Habitat and Distribution (where it is found)

The kakapo is a flightless parrot that is found only in New Zealand, and used to be found all through the mountain areas of the North Island, South Island and on Stewart Island.  Its habitat is mossy forests and alpine scrub.

Appearance and Behaviours

Kakapos are a soft green colour, with black stripes on the back and pale yellowy feathers underneath their bodies.   Females are smaller and less brightly coloured than the males. The kakapo is the heaviest of the parrot family, and weighs up to 4kg.

The kakapo is a flightless bird. The birds leap from branch to branch and to the ground from low trees. Kakapos have strong legs. Their wings are not used for flying, but for balance while they walk or run. 

The birds are solitary. They roost under cover during the day and become active at night. Their diet consists of leaves, buds, roots, flowers, fruit, nectar and seeds. 

Life Cycle

Kakapos have an unusual breeding system, called a 'lek' system. Males gather on display grounds, which are hollows in the ground dug out by the males, and linked by tracks. Males clip the plants on the sides of the hollows and along the tracks, which can be over 50m long. Sitting in a hollow,  each male makes a booming noise for hours to attract a female. To produce the sound, males inflate air sacs in the chest and belly. The sound can be heard up to 5km away. They do this every night through the summer months. Females choose from the competing males. attracted by the sound and by a dance the male does when a female arrives at his hollow.  After mating, the male leaves the female, who lays 2 or 3 eggs on the ground, under a grass tussock or at the bottom of a rotten tree.  Kakapos only mate every 3 or 4 years, breeding only in years when there is plenty of food available. Females must leave nests unattended for hours when they search for food at night. Once the eggs have hatched, the female returns every few hours to feed the chicks. Kakapo chicks stay on the ground, and are very noisy, making them easy for predators to find.  Kakapos live for about 60 years.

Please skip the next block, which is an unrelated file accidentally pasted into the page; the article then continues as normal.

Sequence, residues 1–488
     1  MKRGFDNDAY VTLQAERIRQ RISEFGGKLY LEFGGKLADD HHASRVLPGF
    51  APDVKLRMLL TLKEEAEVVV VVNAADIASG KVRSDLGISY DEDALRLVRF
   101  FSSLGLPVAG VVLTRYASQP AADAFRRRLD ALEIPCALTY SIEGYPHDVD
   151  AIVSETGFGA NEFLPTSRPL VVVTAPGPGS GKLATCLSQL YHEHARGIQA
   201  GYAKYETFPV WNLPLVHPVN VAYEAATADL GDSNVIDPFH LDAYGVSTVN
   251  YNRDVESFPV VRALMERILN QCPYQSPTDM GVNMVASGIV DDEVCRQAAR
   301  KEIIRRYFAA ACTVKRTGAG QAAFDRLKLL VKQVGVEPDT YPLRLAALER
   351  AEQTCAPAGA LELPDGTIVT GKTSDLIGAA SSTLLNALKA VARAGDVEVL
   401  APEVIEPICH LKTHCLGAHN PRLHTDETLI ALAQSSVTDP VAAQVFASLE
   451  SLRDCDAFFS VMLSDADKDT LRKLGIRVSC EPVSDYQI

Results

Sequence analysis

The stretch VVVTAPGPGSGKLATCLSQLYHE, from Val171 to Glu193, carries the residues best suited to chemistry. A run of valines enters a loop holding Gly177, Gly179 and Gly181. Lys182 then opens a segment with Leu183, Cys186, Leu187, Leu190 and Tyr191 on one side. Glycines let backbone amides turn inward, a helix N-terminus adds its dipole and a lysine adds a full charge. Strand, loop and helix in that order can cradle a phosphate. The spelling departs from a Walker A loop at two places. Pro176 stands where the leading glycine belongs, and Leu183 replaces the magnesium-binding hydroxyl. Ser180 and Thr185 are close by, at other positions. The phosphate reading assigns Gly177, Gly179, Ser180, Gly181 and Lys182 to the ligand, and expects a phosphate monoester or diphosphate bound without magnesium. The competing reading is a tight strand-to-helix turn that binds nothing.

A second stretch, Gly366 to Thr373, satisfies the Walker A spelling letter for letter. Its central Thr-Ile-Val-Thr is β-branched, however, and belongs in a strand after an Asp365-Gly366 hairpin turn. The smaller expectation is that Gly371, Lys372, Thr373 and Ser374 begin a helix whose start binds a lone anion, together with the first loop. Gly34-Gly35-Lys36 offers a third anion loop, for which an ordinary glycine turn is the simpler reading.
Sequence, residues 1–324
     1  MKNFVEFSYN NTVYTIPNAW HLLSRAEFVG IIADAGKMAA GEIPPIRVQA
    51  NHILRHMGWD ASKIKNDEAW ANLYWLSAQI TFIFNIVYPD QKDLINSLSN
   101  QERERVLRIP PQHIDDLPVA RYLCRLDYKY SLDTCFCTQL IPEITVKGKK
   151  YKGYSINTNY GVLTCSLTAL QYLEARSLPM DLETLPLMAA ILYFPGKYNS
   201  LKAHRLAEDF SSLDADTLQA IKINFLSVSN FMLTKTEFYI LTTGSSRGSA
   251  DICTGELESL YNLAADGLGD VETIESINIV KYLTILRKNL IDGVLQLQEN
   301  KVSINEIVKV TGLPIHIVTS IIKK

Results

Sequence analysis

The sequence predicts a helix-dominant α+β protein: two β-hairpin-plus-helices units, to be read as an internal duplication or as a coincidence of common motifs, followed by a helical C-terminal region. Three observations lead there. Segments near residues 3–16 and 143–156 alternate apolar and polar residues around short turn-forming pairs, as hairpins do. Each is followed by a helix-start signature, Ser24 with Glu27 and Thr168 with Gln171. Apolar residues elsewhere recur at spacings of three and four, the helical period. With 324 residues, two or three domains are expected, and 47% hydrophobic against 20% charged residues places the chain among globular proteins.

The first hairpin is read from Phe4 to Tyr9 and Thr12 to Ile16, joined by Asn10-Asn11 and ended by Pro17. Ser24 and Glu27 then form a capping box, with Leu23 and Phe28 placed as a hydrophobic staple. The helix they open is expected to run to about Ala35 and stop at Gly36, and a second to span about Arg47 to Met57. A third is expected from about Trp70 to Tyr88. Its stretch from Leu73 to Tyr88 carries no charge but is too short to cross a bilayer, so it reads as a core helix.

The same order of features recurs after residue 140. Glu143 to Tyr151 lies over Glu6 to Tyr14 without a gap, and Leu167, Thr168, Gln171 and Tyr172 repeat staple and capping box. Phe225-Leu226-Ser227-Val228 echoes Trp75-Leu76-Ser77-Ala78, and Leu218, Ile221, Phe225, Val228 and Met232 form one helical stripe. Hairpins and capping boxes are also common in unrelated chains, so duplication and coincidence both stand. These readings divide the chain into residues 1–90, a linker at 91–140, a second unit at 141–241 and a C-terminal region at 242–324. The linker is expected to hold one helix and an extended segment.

Conservation Status

It is Critically Endangered, which means it is very close to being extinct. There are only about 150 of them.

There are few mammals native to New Zealand, just 2 species of bat. The native animals were birds and reptiles. The flightless kakapo had no predators, and was therefore very vulnerable to introduced predators such as ferrets, rats, cats, dogs, stoats and foxes.  Kakapos nest on the ground, which makes its eggs and chicks particularly vulnerable to these introduced predators.  By the 1990s, the kakapo was extinct in the wild.   A few remaining birds have been taken to some small islands which are uninhabited and which are therefore free of introduced animal predators.  However, there are only a small number of  remaining birds, and this small number could easily be wiped out by disease or if predators are introduced to the islands where the recovery programs are in place.

Find out more about kakapos and see a video.


Find out more about  the kakapo conservation program.